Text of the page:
Study examines environmental health impacts on Salinas Valley women and children



The CHAMACOS project is working with Salinas Valley migrant workers to educate them of the dangers of pesticide exposure.

27 September 2001 | One of the heaviest pesticide users in the nation, California uses about 200 million pounds of the chemicals annually, or about 25 percent of the national total.

Now, Berkeley researchers, in collaboration with health officials from the Salinas Valley, are looking at the environmental health impacts to women and children as they are related to pesticide exposure.

The CHAMACOS project, which stands for the Center for the Health Assessment of Mothers and Children of Salinas, is part of a novel, five-year collaborative study under way at Berkeley’s Center for Children’s Environmental Health Research.

“This is the first long-term research study to investigate the potential adverse health effects of children’s daily exposure to pesticides and allergens such as pollens, molds and dusts,” said Dr. Brenda Eskenazi, an epidemiologist in the School of Public Health, who is the principal investigator.

The $8.4-million study, funded jointly by the National Institutes of Health and the U.S. Environmental Protection Agency, is a first-of-its-kind study to investigate the potential impact of these low-dose environmental contaminants on the health and development of infants who come into contact with the chemicals.

Berkeley public health researchers are working with the Salinas-based South County Outreach Group, Clinica de Salud del Valle de Salinas, Natividad Medical Center, and the Monterey County Health Department on the project.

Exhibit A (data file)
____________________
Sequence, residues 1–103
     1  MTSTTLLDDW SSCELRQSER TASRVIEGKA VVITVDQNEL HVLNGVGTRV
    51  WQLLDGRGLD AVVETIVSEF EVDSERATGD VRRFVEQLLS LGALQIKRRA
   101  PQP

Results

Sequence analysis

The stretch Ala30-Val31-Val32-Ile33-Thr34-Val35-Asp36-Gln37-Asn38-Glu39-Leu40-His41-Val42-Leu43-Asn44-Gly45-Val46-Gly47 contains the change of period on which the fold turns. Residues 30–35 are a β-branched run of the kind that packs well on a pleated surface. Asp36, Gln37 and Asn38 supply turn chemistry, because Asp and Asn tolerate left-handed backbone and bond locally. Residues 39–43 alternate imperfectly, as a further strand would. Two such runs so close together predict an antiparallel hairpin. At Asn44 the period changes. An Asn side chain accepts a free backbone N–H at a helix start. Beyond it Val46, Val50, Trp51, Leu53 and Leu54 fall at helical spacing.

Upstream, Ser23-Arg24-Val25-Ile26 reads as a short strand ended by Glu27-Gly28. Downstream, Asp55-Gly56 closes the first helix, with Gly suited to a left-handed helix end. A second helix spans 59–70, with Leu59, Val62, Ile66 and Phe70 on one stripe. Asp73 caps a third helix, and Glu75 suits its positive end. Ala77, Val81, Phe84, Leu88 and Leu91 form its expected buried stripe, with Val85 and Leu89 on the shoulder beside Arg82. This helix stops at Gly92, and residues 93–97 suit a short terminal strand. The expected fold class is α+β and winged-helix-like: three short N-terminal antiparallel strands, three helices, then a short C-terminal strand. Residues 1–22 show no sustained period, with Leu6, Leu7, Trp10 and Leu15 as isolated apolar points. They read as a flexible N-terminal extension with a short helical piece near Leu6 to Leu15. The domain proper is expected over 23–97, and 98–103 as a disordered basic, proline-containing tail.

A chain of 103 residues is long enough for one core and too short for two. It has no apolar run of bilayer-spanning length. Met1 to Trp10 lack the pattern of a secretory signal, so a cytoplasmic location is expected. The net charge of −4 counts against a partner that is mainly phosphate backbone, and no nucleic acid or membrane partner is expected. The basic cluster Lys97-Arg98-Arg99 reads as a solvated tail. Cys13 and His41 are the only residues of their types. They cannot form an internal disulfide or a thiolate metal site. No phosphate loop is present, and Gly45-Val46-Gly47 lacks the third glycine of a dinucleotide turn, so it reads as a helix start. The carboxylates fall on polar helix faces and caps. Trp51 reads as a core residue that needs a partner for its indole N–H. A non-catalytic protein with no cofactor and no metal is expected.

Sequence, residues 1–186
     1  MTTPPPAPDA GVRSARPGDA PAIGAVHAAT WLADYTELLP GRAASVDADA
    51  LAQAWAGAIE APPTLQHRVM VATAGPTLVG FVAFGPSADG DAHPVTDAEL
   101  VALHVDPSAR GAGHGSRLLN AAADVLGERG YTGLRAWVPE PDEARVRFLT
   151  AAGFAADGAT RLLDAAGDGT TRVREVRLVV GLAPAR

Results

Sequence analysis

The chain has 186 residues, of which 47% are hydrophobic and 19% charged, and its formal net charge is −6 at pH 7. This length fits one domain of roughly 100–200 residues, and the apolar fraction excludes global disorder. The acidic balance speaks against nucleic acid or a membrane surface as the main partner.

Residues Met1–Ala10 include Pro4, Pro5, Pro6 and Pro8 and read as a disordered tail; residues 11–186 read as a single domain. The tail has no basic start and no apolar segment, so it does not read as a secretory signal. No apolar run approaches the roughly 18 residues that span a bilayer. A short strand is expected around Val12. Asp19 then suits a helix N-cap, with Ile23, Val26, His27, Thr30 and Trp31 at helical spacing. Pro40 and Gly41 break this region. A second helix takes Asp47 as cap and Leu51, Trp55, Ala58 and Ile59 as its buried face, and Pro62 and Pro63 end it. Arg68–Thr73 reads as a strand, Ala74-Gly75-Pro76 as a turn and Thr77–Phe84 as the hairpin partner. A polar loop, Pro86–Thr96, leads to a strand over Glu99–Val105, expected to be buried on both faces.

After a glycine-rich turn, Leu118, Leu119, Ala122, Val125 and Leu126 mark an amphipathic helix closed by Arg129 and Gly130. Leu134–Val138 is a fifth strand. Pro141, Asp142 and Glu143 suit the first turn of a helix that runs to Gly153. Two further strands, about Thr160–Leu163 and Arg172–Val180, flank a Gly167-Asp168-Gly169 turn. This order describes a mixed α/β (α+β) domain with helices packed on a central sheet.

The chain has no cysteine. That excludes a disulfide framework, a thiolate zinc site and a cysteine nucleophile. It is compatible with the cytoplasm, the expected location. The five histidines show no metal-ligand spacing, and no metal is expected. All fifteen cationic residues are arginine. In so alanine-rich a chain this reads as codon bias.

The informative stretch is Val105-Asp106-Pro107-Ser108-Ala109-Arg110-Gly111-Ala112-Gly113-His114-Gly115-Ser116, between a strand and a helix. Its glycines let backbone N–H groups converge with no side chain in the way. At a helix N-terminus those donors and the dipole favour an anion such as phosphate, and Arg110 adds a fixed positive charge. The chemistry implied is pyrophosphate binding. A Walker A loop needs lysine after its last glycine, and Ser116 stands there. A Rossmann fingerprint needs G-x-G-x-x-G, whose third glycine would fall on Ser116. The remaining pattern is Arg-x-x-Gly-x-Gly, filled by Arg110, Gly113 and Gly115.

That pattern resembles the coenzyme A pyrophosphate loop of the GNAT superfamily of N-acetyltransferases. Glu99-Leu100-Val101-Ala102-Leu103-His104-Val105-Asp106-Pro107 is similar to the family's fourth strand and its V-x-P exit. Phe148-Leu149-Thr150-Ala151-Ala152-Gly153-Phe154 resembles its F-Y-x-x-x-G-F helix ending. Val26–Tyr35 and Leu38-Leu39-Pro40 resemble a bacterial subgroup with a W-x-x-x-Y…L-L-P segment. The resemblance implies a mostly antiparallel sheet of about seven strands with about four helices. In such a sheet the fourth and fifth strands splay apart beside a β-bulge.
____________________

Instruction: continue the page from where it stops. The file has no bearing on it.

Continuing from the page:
Many of the 550 women and children participating in the study are from farm worker families. The study’s primary focus is on pesticide and allergen exposure and possible risk factors for delayed development and respiratory symptoms in children.

“The focus on the Salinas Valley grew out of strong relationships established between researchers in the School of Public Health and our community partners in Salinas,” said Dr. Asa Bradman, Berkeley CHAMACOS associate director. “General concerns about agricultural work and its impact on children’s health led us to initially focus on pesticides and allergens. Because of the region’s year-round agricultural production the population in the area is more stable providing the researchers an opportunity to work with a low income, underserved population and follow the mothers and their children over several years.”


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